I’m doing research now for a post I hope to finish in October or November about carbon wheelsets selling in the $1000 to $1500 range. It’s a very hot segment now and I totally get the appeal. Why spend $2000 or $2500 or $3200 if you can get a wheelset that has similar specs that suggest similar performance for half to a third the price.

I posted a request to those of you that follow In The Know Cycling on Facebook (you already do, right?) at the beginning of the summer for wheelsets in this price range that you had heard of and wanted me to check out. I’ve been working through that list and others that I’d heard of or that readers have asked about in the past from comments to my wheelset reviews, as Terrell did above.

Reynolds, which sells $2000+ wheelsets has for years also made the climbing Attack, all-around Assault, and aero Strike that stores sell in the $1000 to $1500 value price range. Other companies, notably FLO based in the US and Hunt and Prime in the UK have also gotten a lot of traction in the market with wheels in the same value price range.

Beyond the spec differences, I’m finding significant differences in how the business model for each company works. That business model affects what you end up buying, riding, may need service on and the whole experience you have with the wheels from first learning about them to riding them hopefully for several good years.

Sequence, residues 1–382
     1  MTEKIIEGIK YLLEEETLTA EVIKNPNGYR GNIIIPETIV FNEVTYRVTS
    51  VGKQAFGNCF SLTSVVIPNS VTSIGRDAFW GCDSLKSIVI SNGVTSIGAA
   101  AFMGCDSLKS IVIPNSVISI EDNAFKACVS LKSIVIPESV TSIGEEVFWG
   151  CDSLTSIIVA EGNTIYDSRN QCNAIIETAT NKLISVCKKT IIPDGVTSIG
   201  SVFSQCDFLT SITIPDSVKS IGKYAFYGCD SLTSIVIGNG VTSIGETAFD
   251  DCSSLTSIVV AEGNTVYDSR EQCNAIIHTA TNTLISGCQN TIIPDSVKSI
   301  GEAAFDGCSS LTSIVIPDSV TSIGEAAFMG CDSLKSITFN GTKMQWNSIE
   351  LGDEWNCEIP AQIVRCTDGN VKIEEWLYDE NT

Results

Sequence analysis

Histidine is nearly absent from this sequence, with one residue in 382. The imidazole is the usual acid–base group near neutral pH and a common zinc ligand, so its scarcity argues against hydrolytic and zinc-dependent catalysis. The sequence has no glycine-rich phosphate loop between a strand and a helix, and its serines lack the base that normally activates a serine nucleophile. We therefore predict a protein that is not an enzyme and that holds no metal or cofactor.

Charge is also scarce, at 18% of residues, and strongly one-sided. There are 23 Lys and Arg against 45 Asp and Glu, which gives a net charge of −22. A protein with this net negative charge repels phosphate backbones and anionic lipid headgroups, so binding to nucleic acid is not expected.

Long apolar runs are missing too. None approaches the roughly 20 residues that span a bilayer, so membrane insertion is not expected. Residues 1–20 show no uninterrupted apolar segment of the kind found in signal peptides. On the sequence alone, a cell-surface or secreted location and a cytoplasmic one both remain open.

Companies do varying amounts of research, design, component and manufacture specification, manufacturing, sourcing, assembly, testing, marketing, distribution, sales, and after-sales service.

The most integrated companies do most if not all of these things themselves and have multi-region distribution and service networks to create a customer experience unique to the brand. These companies often sell the most expensive wheels though not all expensive wheels are made under this model and the model doesn’t only produce expensive wheels. Reynolds, Mavic, Campagnolo, Fulcrum, and DT Swiss are examples of integrated wheel brands with geographically wide networks that sell carbon wheelset models at both top prices and others in or near the value range.